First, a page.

How To Personally Cut Greenhouse Gases

Listen up.  Let’s see how many of you can correctly answer the question that was posed by writers Steven D. Levitt and Stephen J. Dubner in their 2009 book, SuperFreakonomics: Global Cooling, Patriotic Prostitutes, and Why Suicide Bombers Should Buy Life Insurance.

Q: What’s the best thing a person can do personally to cut greenhouse gas emissions?

Possible Answers:

A. Drive a hybrid car
B. Eat one less hamburger a week
C. Buy all your food from local sources

Give yourself a minute to process before looking down at the answer.

And the answer is — drum-roll please — “B.”

SuperFreakonomics authors explain:

It is generally believed that cars and trucks and airplanes contribute an ungodly share of greenhouse gases. This has recently led many right-minded people to buy a Prius or other hybrid car. But every time a Prius owner drives to the grocery store, she may be canceling out its emission-reducing benefit, at least if she shops in the meat section.

Just think, according to an article in Scientific American, producing that less-than-adequate slab of ground meat that you will slap on your lunch bread “releases as much greenhouse gas as driving a 3,000-pound car nearly 10 miles.”  The United Nations Food and Agriculture Organization report from 2006 found that meat production today contributes between 14 and 22 percent of the 36 billion tons of “CO2-equivalent” greenhouse gases the world produces every year.

What comes as a surprise is that the “locavore” movement may not have the positive impact we hoped it would have because the majority of greenhouse gases are generated during food production, more than 80 percent in fact, and not during transportation.  Only 11 percent of food emissions are generated during the transportation and delivery. And big farms, according to the book authors, and to our chagrin, appear to be more efficient at keeping the amounts of gas generated down during food production than small farms.

To be clear, we do not for one second see this as a redeeming quality for industrial factory farms.  In fact, given the myriad of problems they create, with indiscriminate use of antibiotics on healthy animals and environmental pollution, which may cancel their greenhouse efficiency, to say nothing of the animal abuse and suffering that goes on, we rally against such organization of food production.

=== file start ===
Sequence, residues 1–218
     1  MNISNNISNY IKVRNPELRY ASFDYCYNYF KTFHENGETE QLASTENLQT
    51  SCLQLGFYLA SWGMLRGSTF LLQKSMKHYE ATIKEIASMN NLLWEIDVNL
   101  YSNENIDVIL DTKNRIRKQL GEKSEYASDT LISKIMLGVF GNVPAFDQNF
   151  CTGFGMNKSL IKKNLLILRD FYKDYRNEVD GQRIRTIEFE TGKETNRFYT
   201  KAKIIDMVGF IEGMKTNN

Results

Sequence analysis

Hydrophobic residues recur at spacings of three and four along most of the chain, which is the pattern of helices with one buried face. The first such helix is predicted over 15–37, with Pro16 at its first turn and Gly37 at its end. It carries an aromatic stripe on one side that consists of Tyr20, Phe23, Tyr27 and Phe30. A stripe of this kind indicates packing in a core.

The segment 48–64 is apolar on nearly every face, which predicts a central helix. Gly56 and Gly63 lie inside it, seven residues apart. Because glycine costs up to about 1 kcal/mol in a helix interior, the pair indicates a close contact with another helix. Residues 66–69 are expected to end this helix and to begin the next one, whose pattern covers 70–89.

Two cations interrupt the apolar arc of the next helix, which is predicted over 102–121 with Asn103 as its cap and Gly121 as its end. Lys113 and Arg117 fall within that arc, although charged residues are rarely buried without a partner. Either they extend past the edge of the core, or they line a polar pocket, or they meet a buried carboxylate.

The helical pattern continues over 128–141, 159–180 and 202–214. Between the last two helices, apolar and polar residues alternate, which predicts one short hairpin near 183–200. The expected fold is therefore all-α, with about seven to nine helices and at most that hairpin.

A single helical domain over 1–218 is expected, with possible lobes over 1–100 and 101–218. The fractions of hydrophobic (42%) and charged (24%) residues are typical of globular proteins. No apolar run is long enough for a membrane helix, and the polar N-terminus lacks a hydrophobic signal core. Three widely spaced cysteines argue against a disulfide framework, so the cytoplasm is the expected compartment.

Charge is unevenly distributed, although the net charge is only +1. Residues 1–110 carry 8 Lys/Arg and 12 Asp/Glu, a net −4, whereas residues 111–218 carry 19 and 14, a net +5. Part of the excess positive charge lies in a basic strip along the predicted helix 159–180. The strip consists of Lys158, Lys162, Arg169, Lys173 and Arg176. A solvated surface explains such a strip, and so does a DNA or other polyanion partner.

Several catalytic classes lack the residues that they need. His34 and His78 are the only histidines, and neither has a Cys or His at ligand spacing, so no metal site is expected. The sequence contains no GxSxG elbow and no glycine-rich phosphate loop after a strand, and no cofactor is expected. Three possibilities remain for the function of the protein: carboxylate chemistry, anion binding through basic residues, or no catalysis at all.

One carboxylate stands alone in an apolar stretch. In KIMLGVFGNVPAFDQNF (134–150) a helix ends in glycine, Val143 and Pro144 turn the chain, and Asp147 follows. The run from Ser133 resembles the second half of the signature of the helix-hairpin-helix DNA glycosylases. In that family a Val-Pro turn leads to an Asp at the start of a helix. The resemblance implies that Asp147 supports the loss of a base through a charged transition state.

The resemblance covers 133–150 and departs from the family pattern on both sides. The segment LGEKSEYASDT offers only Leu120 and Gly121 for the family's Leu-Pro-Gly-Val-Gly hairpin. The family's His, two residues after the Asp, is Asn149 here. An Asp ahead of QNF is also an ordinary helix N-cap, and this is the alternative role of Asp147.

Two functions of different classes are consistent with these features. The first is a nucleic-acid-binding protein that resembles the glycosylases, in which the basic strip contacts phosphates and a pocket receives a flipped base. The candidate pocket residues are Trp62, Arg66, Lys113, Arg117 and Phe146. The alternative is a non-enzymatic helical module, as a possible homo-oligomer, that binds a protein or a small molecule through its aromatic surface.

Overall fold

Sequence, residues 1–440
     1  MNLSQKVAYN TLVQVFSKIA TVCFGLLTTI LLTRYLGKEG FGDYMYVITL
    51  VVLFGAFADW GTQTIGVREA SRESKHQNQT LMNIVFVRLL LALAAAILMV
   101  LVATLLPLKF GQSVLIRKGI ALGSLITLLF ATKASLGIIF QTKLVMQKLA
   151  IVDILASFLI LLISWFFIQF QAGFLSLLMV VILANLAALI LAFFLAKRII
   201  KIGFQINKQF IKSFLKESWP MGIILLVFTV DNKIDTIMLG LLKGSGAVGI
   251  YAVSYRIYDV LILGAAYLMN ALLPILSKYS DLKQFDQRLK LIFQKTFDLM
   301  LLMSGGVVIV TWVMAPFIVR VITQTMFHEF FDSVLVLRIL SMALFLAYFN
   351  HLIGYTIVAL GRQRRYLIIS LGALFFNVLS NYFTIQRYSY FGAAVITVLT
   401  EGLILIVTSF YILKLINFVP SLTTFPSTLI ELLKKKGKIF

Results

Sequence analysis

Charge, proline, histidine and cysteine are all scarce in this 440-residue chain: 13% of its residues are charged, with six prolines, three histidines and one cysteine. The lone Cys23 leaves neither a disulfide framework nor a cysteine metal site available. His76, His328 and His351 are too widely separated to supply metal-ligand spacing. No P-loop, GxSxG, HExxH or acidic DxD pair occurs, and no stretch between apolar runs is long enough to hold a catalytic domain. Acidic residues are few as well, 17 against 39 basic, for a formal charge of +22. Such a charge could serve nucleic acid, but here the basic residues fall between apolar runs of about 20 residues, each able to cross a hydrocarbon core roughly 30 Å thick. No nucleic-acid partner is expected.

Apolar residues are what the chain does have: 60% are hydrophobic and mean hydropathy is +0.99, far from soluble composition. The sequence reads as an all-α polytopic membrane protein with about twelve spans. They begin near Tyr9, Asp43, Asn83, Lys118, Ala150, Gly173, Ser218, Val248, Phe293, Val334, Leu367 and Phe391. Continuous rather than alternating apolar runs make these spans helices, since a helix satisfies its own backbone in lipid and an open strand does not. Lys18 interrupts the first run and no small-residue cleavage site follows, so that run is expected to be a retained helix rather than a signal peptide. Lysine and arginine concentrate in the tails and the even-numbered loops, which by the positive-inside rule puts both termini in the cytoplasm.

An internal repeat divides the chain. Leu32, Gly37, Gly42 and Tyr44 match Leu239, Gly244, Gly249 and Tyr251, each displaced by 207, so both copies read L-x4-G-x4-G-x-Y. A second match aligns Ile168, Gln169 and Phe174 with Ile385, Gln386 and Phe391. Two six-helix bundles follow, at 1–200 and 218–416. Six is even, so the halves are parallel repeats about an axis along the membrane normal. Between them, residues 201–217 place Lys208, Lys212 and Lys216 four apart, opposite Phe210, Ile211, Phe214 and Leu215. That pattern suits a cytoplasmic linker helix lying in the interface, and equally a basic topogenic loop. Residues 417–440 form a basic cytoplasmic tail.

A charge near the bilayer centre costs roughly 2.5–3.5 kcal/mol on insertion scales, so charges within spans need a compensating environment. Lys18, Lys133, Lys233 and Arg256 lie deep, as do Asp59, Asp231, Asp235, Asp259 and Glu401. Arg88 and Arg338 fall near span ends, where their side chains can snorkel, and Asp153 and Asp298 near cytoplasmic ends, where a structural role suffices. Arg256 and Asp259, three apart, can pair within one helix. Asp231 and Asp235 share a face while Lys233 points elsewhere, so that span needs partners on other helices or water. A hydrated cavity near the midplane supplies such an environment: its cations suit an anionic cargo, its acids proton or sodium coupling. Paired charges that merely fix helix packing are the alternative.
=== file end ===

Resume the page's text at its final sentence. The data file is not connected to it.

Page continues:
But what the authors’ statistics tell us is that when it comes to cutting greenhouse gases, eating chicken, fish, eggs or veggies just one (1) extra day per week instead of beef makes you far greener than sporting the latest hybrid while self-congratulating your locavore ways.  Want to really make a difference?  Try eliminating all meat products for at least one day a week for healthier living, greater environmental impact and humane reasons.

Since lawmakers and industry don’t act, the best way cut greenhouse emissions begins with you!

Go veg!

Or, if you are like me, incapable of sacrificing lamb for lettuce, take heart — try switching to chicken or fish.  While disconcerting in its own ways, poultry or fish production is not nearly as polluting as beef production, so you will still be making a difference.

Eat less meat!

  • Tee

    Stop exhaling would be the number one way to curb greenhouse gasses. Every time you exhale you put several pounds of CO2 into the atmosphere. Anything and everything that respires puts CO2 into the atmosphere.

    The second best way to curb greenhouse gasses is plant a tree. Plants all use CO2 and other “polluting” gasses for photosynthesis, cleaning the air and returning oxygen to the atmosphere.

    Cripes, I learned all of that in third grade. Guess the education system these days really is broken.

  • Boris Gitlin

    I go back to the personal choices we make daily. In reality, only few will make a real difference.

    While I like carbon credits and tree planting through donations, I feel that these are often “feel-good” schemes. There are plenty of reports about the lack of transparency among organizations providing these services and many of them appear to collect money without producing any significant results. Until such efforts are measurable and independently verifiable, I wouldn’t put my trust there.